MP: I think the best outcome, with everything we have on the table, and I don’t know if this is realistic either, but: the league agrees to the terms and we get to look at things. Maybe this massive pay cut–that sucks for everybody–is enough to get the league through to next year. And they have a good plan in place to keep going.

If players take these pay cuts and somehow figure out a way to survive through the end of the season, then what? Is there money for a season next year? Is there a future for the league? We’re all standing up for something, we’re standing behind this league and we want to see it do well. We don’t want to stand up, pushing something forward that doesn’t have a chance. I want to be sure that I have faith in what I’m fighting for, that what I’m fighting for has a chance.

KC: Lastly, when you look at these potential pay cuts, is the money more important to you in this fight or is the issue of transparency and safety weighing more heavily on your mind?

MP: It’s the lack of transparency. For some players, a smaller salary will be a real issue but for the majority of us that were on the call today, and for me personally, it’s the way we’ve been treated, it’s the way the whole process has been treated.

I don’t think at any point in time Dani Rylan had bad intentions. I don’t think she sat at her desk and said “how can I screw these people over.” She obviously wanted to see the NWHL do well on a business level, and on a personal level she has relationships with people.

At the same time she hasn’t been very forthcoming. I feel she’s been dishonest in a lot of ways, hesitant to answer questions and it’s a business. That’s not the way things can operate. When employees have questions they need to be answered, and they need to be answered truthfully. That’s my biggest frustration. I feel we were lied to, and are being asked to support a corporation that has never had my best interests as an individual at heart.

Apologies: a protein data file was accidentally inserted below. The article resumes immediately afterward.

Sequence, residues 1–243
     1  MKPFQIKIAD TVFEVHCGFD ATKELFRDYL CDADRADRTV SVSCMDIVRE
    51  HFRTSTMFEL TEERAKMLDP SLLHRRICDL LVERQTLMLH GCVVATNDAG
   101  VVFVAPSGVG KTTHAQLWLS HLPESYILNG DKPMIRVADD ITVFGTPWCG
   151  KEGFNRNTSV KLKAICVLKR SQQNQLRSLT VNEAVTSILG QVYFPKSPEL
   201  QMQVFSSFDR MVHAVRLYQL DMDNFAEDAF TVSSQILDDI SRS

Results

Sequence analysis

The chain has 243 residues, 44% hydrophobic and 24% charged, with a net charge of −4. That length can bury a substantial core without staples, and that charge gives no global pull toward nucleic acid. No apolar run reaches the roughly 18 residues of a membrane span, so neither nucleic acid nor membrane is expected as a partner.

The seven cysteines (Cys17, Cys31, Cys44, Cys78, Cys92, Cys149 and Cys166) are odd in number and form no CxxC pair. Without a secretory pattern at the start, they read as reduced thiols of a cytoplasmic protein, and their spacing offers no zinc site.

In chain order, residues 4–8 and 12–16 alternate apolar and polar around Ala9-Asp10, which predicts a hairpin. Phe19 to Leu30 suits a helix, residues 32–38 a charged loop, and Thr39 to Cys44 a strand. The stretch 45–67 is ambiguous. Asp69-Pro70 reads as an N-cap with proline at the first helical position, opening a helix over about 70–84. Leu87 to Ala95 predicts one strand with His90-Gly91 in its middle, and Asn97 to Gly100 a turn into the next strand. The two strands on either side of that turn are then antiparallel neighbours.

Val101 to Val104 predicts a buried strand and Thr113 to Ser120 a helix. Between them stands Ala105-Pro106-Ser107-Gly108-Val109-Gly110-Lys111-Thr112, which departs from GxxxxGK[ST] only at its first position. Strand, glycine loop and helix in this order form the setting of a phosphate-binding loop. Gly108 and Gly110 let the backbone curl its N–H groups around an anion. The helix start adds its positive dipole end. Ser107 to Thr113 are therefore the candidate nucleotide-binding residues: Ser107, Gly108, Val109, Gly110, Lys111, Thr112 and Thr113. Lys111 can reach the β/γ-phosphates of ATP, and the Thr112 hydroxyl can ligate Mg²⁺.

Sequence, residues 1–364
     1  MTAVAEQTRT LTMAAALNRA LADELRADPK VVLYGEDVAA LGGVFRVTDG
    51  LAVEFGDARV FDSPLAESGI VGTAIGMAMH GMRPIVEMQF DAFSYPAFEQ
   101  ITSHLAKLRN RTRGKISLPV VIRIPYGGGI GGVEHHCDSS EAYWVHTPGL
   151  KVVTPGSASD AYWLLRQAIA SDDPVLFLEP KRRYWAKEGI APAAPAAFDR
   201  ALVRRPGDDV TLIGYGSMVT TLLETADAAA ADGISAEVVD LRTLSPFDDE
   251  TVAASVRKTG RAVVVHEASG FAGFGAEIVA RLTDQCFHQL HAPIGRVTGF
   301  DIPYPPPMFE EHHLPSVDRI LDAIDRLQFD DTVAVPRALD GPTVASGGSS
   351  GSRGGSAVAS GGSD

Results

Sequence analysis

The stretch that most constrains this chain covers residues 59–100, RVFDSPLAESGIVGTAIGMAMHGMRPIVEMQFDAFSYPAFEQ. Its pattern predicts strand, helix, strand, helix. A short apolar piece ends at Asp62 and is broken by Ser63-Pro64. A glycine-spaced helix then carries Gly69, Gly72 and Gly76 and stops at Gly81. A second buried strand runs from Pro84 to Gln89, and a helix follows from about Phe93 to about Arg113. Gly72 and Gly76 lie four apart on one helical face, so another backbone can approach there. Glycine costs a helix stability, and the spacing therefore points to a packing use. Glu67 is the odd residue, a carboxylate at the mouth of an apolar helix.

I didn’t consider at all in July, when I signed the contract, what it would do to my livelihood if the NWHL didn’t have the money to fulfill my contract, or what it would do to my teammates.

UPDATED: Shortly after publication, Dani Rylan provided the following statement concerning the statement issued by NWHL players.

“The players have many concerns and disappointments, and I understand that completely. I deeply appreciate that, despite the emotions of the last two days, they have continued with their preparation for tomorrow’s games in Buffalo and Newark. My colleagues and I have always and will always do everything in our power to build a professional league that the amazing athletes of the NWHL deserve. Despite our setbacks, we have made many positive strides — thanks in large part to our players. Our hope is that we can continue a positive, constructive dialogue with the players over the next two weeks.”

The league also stated there would be no further public comment on the situation at this time.

Edit: This article has been updated to clarify Dani Rylan’s position in the league.